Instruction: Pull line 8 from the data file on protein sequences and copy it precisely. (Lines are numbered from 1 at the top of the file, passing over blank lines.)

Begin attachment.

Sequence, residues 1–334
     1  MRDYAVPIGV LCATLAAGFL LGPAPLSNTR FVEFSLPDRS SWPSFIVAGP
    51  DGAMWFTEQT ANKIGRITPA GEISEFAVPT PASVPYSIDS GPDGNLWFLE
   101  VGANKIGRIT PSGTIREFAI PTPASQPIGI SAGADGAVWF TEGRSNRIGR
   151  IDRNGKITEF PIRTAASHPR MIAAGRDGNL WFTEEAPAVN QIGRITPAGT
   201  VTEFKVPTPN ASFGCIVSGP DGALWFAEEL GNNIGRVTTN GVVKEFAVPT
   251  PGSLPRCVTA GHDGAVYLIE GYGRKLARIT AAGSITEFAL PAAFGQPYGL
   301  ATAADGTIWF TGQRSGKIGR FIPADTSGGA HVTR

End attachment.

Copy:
   301  ATAADGTIWF TGQRSGKIGR FIPADTSGGA HVTR